68-year-old man jailed for paying toll with tokens

A man was jailed in New Hampshire for wanting to use tokens to pay a toll.
New Hampshire dropped its token system two years ago when it installed the Fast Pass system used in most Northeast states. The state gave drivers until Dec. 31, 2005, to use their 25-cent tokens.

In March of 2006, Jensen was driving to his cottage in Ossipee when he tried to pay the 50-cent fare at the Spaulding Turnpike's Rochester toll plaza using two tokens, as he had been doing for years.

The toll booth worker refused to take them and a state trooper at the plaza gave Jensen a citation.

‘‘(The trooper) said, ‘Just give him the 50 cents.’ I said, ‘I did, I gave him two tokens,’’’ Jensen recalled while sitting on the steps outside his Messina Woods Drive home.

The way he sees it, the tokens represented a contract between the state and himself, and he’s angry that the state has turned his pre-paid tokens into what he calls worthless souvenirs.

To rub salt in his wound, Jensen says New Hampshire lost his request for trial and, assuming he ignored the citation, issued a bench warrant for his arrest. When he was involved in a minor car accident this summer, he was arrested.

Link (Thanks, Ghurty!)


  1. As a native of the “Live Free or Die” state – I want to add that those tokens were sold for half price. So, $10 would net you 80 tokens (not 40 quarters) when they were offered. Thus making the $0.50 toll a $0.25 toll for the token buyers.

    I’m not sure if they made an attempt to offer a refund for people with stockpiles of tokens. That for me would make the difference in a legal case here. Normal people would maybe have a handful in the car at any time.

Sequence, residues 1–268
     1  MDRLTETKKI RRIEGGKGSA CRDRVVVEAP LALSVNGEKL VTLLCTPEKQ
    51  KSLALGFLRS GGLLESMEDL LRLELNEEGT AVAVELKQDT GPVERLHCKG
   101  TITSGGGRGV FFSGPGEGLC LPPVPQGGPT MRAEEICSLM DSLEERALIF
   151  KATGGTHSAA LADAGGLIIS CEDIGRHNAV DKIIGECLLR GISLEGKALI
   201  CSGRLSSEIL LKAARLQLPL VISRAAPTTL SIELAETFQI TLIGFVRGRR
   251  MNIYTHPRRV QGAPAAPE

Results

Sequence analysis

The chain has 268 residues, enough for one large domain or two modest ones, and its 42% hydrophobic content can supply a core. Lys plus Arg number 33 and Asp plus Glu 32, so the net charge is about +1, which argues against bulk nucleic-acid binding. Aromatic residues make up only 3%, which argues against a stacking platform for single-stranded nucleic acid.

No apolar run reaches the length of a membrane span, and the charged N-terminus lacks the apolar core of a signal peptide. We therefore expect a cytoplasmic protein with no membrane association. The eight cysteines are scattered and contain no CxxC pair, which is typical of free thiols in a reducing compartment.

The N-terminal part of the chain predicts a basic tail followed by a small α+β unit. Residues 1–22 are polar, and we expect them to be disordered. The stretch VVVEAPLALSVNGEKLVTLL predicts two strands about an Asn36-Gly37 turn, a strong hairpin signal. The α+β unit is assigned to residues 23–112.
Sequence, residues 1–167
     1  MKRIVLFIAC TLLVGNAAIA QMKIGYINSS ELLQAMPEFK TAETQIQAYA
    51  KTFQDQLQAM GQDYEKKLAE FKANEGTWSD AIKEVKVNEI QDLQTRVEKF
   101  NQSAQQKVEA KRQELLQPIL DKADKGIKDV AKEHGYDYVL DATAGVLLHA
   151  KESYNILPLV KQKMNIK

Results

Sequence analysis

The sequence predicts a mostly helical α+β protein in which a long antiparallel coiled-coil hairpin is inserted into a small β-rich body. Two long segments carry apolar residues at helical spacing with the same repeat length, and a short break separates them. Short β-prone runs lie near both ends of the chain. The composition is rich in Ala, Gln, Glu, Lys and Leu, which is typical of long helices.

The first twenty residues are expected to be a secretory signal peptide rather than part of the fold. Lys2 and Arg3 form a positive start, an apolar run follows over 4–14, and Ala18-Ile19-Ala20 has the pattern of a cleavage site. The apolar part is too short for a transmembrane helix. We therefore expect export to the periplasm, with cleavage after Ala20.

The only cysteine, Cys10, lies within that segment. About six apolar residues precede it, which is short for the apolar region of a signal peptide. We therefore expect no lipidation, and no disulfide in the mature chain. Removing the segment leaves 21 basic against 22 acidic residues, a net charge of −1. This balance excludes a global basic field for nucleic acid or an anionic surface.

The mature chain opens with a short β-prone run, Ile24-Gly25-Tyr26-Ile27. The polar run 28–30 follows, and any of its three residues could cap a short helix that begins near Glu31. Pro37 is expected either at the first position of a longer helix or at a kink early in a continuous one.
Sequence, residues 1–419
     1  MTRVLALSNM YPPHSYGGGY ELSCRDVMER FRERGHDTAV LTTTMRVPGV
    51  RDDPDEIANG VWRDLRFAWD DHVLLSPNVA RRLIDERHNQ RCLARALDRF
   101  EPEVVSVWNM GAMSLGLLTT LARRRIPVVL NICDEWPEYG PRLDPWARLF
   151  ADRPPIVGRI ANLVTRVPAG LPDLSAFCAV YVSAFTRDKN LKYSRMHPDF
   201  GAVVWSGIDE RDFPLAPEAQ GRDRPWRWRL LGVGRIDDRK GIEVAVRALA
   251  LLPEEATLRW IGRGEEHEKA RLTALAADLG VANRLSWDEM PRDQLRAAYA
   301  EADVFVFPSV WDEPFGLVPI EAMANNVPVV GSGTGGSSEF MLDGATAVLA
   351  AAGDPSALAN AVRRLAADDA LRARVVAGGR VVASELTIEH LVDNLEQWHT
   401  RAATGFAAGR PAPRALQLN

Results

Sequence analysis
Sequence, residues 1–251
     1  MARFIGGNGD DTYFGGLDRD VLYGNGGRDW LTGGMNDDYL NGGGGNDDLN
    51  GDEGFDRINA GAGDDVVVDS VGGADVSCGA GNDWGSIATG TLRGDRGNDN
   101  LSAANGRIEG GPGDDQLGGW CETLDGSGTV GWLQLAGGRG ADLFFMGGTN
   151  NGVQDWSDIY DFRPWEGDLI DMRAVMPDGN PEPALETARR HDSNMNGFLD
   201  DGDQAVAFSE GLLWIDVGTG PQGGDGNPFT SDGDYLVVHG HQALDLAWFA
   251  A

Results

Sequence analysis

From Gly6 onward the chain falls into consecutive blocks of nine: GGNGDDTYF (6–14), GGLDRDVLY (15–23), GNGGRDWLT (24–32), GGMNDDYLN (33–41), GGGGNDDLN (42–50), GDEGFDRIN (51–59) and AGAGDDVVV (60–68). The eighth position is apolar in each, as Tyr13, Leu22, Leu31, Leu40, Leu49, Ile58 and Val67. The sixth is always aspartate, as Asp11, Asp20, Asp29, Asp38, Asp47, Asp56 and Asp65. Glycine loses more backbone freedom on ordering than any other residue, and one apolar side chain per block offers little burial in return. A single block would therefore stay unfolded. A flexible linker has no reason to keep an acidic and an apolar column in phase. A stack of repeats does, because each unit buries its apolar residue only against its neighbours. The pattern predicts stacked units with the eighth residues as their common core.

– Kris

  2. Jensen may be technically correct, but he’s still a crank. Although, I think he should have been allowed a trial.

  3. As has been pointed out elsewhere, the cost of putting him jail for a couple of days far outweighs the cost of the tokens. If they’ve stopped issuing the tokens, then it seems like the logical policy would be to figure out how many are still outstanding, continue accepting them until the appropriate percentage are out of circulation, and then just drop the rest on the floor on the rare occasion that they continue to trickle in. It’s eventually a problem that will fall to zero.

    If you sold them to the guy, you should have some level of contract agreeing to either accept them from him, or at least buy them back. You can’t just say “Nope, we took your money, gave you tokens, and then decided that the tokens aren’t worth anything anymore, sorry.”

  4. I swear to god, for a couple of seconds I though the headline read:

    “68-year-old man jailed for paying toll with kittens”

    and I thought, oh yeah, well some people, you just never know, etc etc….

  5. When you pay money for a token or a gift voucher for example, then you are basically attempting to exchange money for goods or services that are to be received at a later date.. you are not purchasing the voucher or token as a product in and of itself. Therefore, if you are unable to exchange this token or voucher, you are entitled to receive back your money.

    In this case, if 50 cents bought two tokens, the buyer is entitled to receive that amount back from the state.

    Even with an expiry date on a token/voucher, it is debatable whether that expiry date applies if you have yet to receive any goods or service for your money.

  6. “Meh. There was a grace period to use them that expired 2 years ago.”

    At the time, it had been less than three months, if that helps any…

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